Common symptoms of rectal cancer are: rectal bleeding, bloody stools, pain in the lower abdomen or pelvic area, and changes in bowel habits. In the early stages, rectal cancers may not cause symptoms. However, routine screening can detect them even when there are no symptoms.
Rectal cancer is a medical condition in which cells in the rectum mutate and begin to grow atypically. The disease is also called colorectal cancer, a general term for cancers that develop in the rectum or colon. However, it is important to note that colon cancer and rectal cancer have different treatment options. This article discusses the symptoms of colorectal cancer and its symptoms in the advanced stages of the disease. It will also discuss when rectal bleeding is a concern and where medical attention should be sought.
What are the symptoms ?
Colorectal cancer might not cause any symptoms in the early stages. Also, a 2015 review states that doctors diagnose many cases of colorectal cancer after symptoms appear, which usually indicates locally advanced cancer.
Here are some of the common symptoms of colorectal cancer:
changes in bowel habits that last more than a few days, such as diarrhea and constipation
narrow, ribbon-like saddles
presence of blood in the stool, where red blood is visible, or change in stool color to black or dark brown
cramps or feeling of gas in the abdomen
nausea and vomiting
the feeling that the intestine does not empty, even after having a bowel movement
fatigue and weakness
unintended or unusual weight loss.
Is pain a symptom of colorectal cancer and how does it manifest?
Colorectal cancer can cause persistent cramping, pain or aches, especially in the abdominal and pelvic regions. This phenomenon is more common in the later stages of the disease.
The pain may resemble that caused by indigestion and may be intense. A person may also feel pain when emptying their bowels.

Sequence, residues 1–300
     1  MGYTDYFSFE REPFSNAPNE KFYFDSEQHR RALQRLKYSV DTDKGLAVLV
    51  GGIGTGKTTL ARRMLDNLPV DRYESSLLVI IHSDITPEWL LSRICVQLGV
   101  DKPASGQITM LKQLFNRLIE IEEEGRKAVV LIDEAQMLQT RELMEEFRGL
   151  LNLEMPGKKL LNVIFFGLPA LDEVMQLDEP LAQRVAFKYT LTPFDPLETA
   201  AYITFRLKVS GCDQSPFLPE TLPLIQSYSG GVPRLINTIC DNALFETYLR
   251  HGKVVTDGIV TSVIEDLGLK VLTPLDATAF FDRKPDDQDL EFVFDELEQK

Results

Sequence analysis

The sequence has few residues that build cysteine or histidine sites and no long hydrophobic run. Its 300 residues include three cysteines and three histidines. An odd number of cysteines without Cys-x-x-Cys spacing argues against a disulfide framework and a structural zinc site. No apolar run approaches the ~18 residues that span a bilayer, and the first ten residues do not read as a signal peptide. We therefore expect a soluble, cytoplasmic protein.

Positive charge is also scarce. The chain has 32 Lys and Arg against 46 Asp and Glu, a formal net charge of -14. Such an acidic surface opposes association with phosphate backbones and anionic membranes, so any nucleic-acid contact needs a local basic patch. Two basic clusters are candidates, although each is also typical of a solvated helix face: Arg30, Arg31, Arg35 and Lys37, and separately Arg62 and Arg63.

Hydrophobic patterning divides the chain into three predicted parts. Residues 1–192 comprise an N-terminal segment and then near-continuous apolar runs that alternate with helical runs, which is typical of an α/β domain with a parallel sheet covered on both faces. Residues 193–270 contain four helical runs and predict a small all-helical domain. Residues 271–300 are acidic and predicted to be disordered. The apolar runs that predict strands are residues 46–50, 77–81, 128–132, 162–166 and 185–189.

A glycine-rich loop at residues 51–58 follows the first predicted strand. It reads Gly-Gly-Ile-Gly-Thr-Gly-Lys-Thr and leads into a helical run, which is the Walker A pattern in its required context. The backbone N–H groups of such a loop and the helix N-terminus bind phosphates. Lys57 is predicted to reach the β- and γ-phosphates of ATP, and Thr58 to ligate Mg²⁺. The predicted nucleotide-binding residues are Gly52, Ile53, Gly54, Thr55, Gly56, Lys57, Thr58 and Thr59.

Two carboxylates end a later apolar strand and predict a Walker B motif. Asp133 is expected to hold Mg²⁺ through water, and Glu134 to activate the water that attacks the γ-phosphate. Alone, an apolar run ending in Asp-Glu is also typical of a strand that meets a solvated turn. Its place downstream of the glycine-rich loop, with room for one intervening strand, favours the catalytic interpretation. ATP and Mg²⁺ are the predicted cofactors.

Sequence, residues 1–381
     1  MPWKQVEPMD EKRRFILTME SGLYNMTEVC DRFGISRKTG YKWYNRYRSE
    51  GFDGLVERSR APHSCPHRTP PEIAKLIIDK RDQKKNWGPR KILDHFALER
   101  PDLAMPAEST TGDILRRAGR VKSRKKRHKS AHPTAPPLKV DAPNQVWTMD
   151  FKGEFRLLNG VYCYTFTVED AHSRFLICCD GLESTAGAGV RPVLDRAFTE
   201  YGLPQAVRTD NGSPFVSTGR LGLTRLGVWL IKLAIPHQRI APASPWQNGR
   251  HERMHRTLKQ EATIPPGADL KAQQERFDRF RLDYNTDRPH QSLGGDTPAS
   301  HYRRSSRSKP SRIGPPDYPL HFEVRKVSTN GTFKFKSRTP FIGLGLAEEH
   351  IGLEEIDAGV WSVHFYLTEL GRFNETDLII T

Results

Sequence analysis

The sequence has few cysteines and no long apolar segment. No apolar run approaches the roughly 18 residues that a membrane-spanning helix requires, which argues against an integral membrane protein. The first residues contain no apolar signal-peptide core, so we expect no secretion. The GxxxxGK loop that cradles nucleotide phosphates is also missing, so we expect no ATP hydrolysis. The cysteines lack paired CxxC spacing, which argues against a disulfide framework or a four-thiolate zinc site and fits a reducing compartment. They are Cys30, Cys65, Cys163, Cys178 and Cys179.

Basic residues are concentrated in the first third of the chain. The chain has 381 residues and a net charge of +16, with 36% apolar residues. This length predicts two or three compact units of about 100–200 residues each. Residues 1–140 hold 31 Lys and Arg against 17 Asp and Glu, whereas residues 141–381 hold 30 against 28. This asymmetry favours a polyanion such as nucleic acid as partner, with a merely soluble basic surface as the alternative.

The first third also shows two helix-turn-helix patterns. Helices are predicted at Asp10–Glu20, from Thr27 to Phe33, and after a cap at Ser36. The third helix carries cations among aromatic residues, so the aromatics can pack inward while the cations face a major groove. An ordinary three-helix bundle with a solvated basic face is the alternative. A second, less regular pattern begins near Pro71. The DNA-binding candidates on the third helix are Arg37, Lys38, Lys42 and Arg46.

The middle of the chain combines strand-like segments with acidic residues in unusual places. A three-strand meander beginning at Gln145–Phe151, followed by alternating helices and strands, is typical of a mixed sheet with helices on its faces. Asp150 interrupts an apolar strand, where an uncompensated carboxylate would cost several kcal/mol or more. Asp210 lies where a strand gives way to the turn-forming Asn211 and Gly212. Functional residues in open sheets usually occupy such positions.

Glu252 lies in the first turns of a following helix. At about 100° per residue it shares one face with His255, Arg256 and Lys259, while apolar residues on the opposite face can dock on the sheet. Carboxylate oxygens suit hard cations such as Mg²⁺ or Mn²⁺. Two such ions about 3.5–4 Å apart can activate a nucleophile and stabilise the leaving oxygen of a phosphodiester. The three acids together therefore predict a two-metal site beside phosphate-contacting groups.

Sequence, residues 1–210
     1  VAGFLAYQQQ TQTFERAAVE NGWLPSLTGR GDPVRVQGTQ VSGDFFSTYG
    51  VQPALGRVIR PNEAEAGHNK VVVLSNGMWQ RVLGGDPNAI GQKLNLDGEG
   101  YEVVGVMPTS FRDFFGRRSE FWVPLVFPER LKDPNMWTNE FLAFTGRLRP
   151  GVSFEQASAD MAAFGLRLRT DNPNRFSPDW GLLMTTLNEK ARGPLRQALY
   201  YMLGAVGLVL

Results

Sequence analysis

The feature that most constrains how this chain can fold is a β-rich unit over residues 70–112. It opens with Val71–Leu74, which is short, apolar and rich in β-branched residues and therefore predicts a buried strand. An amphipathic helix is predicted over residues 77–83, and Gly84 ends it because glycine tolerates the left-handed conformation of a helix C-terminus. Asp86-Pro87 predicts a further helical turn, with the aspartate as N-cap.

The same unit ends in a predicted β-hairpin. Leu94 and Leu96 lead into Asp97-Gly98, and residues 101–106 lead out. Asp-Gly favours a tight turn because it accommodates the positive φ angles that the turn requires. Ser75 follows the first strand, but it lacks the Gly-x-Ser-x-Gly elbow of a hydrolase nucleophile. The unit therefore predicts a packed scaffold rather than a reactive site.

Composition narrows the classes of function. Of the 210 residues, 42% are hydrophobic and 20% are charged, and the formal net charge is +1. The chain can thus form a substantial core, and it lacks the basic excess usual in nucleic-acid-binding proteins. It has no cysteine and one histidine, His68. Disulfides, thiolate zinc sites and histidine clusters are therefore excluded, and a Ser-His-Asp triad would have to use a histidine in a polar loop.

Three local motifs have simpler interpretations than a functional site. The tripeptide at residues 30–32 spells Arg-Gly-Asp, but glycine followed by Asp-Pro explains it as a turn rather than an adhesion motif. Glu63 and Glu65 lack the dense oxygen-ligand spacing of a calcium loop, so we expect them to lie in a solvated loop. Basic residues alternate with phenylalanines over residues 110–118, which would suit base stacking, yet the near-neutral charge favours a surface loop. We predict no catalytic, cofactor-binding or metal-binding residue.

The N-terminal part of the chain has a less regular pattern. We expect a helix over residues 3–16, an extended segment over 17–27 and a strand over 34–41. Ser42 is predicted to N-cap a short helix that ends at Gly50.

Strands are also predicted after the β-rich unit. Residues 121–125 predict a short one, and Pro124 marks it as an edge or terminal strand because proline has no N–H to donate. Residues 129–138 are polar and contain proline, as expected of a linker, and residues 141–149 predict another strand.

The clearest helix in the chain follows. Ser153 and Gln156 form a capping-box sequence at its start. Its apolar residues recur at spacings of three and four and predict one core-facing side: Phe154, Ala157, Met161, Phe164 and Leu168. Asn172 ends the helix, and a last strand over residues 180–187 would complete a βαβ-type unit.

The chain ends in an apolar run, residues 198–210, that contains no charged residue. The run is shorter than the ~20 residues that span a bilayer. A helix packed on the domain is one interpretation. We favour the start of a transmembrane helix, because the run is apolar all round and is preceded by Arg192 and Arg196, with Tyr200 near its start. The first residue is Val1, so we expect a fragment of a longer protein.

Rectal bleeding and colorectal cancer
Rectal bleeding can develop due to many less serious causes, such as anal fissures or hemorrhoids. However, it is also one of the common symptoms of colorectal cancer.
If a person has rectal bleeding, they may notice:
blood on the toilet paper after wiping herself
red streaks on the outside of the stool
the water in the toilet bowl turned pink
the presence of blood in the stools, which are then dark in color.
Studies indicate that only a few people with rectal bleeding seek medical attention.
What color would the blood be, and how much blood is of concern?
Colorectal cancer can cause rectal bleeding with bright red blood. In combination with stools, it can cause stools to look dark brown or black.
However, noticing small streaks of blood on the stool or when wiping is not always cause for alarm, as minor problems, such as constipation, hard stools and a small tear in the anus, may be the cause. If a person has a small amount of spot bleeding, there is usually nothing to worry about. However, a person should still contact a doctor to rule out colorectal cancer. People should also see a doctor as soon as possible if they experience constant, large-volume bleeding.
Other Causes of Rectal Bleeding
While rectal bleeding with bright red blood is one of the symptoms of colorectal cancer, other factors can cause it. Hemorrhoids are the most common cause of rectal bleeding.
Other causes include
colorectal or anal polyps
inflammatory bowel disease (IBD)
Depending on the cause, a person may also experience pain when emptying the bowels and itching.
Signs of advanced rectal cancer
As the cancer progresses and spreads throughout the body, it may cause additional symptoms, such as
jaundice, which refers to yellowing of the skin and mucous membranes
headaches, seizures or dizziness.
Symptoms can vary depending on where the cancer has spread.
When to contact a doctor
Symptoms of colorectal cancer overlap with those of benign rectal conditions. It is therefore important for a person to contact a doctor if they have any of the symptoms of colorectal cancer.
It is also important to get regular colorectal cancer screenings. This makes it possible to detect the disease at an early stage and improve the outlook for the future.
In people with an average risk of colorectal cancer, it is better to start screening from the age of 45. A person has an average risk of colorectal cancer if they do not have:
personal or family history of colorectal cancer or polyps
history of IBD
hereditary colorectal cancer syndrome
a personal history of irradiation of the abdomen to treat a previous cancer.
Common symptoms of colorectal cancer are rectal bleeding, changes in bowel habits, and blood in the stool. It is best to speak to a doctor if a person notices any unusual symptoms or body changes. A doctor can perform tests to determine the cause of these changes. If he suspects colorectal cancer, he will refer the person to an oncologist for further testing and treatment.